Authors: Chambers J, Pope E, Bungay K, Cohen J, Ciarametaro M, Dubois RW, Neumann P
Publication: Value in Health, published online December 6, 2017
Research published in the December 2017 edition of Value in Health demonstrates that payer evaluation and coverage of pharmaceuticals and medical procedures may differ independent of their clinical benefit. Therapy access depends on factors other than cost and clinical benefit, suggesting potential health care system inefficiency.
Researchers from Tufts Medical Center and the National Pharmaceutical Council sought to understand whether payers systematically restrict some types of interventions more than others, independent of their value. They asked whether medications face higher thresholds for demonstrating value and investigated the extent to which payer coverage decisions are associated with intervention type.
The researchers examined a total of 392 medication coverage decisions and 185 procedure coverage decisions. The results of their analysis showed that 26.3% of medication coverage decisions and 38.4% of procedure coverage decisions were “more restrictive”: imposing more clinical restrictions or step restrictions relative to FDA label or clinical guidelines; or coverage that places a medication on an unfavorable tier. At a high level, the research demonstrates that payers restrict non-medication therapies more.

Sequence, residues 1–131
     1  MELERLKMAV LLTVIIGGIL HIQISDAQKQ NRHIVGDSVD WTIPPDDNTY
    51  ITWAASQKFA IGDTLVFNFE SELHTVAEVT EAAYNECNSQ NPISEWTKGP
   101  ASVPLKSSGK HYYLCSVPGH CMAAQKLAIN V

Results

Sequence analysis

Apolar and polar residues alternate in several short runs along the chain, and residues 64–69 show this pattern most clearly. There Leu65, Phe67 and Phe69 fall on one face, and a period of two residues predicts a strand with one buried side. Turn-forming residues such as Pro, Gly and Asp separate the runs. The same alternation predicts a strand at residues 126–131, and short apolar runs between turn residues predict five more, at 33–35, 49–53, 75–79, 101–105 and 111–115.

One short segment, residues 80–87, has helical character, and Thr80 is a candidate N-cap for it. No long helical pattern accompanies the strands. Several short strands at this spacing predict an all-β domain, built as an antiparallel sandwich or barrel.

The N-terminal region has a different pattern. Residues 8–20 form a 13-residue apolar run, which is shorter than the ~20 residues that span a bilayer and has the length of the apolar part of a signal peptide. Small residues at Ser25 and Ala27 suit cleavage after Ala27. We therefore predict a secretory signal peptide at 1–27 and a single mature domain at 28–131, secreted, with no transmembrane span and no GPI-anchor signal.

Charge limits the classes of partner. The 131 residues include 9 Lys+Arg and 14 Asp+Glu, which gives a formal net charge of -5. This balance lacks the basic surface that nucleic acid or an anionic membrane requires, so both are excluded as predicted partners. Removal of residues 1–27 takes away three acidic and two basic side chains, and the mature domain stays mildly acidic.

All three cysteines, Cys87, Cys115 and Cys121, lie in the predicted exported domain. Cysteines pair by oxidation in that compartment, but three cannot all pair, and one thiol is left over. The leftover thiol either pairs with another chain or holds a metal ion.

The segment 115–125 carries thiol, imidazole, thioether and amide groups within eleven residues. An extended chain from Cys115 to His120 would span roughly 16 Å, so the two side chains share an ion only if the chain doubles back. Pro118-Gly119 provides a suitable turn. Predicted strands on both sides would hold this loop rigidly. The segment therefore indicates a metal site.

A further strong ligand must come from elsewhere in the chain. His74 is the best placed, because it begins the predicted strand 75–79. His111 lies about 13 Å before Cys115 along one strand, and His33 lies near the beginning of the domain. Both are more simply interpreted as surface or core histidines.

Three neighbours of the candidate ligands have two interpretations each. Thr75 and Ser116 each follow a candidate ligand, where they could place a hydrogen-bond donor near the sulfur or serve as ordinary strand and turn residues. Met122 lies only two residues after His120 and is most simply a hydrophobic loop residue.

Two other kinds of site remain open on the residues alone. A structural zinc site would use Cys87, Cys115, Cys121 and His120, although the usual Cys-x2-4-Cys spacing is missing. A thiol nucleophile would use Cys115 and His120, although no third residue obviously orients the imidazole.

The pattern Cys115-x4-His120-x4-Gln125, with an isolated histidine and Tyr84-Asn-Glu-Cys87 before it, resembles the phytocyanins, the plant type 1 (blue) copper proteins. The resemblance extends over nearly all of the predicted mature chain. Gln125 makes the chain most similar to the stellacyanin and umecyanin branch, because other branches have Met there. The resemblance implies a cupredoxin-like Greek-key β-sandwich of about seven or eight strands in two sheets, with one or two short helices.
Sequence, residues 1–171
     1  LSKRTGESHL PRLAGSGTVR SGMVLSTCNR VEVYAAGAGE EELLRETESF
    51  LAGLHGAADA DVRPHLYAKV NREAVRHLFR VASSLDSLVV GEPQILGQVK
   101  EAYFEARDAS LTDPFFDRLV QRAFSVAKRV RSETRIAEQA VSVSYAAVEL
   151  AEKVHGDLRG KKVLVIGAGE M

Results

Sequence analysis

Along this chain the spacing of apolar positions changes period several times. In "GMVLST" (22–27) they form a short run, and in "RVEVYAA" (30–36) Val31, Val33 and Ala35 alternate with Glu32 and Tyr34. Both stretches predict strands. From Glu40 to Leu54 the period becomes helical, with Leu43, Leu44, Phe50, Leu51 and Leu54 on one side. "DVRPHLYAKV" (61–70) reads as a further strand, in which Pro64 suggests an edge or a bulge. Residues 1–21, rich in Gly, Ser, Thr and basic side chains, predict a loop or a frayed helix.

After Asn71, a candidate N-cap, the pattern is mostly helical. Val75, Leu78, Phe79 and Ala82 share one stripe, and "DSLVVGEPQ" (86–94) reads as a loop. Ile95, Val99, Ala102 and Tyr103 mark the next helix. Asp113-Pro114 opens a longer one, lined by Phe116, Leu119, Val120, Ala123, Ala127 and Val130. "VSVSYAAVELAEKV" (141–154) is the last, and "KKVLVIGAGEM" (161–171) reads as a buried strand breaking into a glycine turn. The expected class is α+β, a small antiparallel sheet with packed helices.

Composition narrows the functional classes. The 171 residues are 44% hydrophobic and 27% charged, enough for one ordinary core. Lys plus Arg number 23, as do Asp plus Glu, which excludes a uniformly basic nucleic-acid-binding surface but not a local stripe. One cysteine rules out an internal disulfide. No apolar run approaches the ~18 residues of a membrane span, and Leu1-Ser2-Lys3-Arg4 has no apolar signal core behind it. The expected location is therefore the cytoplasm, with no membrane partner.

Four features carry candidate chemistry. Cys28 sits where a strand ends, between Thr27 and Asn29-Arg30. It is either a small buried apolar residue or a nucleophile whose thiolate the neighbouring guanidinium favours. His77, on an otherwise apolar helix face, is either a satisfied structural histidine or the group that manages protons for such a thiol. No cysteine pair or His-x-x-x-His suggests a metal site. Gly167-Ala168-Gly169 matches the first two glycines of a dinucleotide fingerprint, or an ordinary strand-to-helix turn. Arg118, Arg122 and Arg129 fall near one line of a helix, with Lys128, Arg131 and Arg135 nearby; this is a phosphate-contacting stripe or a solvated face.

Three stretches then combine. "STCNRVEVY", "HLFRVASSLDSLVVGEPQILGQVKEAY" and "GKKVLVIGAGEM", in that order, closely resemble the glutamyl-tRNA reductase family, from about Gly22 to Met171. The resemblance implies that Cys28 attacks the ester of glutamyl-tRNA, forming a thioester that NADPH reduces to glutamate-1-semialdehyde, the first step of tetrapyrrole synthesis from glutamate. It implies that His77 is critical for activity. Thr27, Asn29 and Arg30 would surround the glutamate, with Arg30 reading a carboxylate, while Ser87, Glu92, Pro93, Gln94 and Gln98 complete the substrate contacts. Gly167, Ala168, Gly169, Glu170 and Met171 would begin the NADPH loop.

The findings demonstrate that payer evaluation and coverage of pharmaceuticals and medical procedures may differ independent of their clinical benefit. Therapy access depends on factors other than cost and clinical benefit, suggesting potential health care system inefficiency.
In their paper, the researchers also note that medications covered under the pharmacy benefit may have rebates, while therapies covered under the medical benefit typically do not; and that medications included in their analysis were particularly likely to have rebates. This could have caused the researchers to underestimate the value of self-administered medications, they caution.
“If our analysis had included all medications in each therapeutic class, including the lower volume medications that are less likely to receive rebates, our analysis might have shown that coverage of medications is less favorable than what we did find. In short, our results may be biased toward finding favorable coverage of self-administered medications,” they write.
The researchers conclude that use of different criteria and measures to influence access to different types of therapies, or access to similar therapies covered under medical and pharmacy benefit policies, may introduce inconsistencies and inefficient care.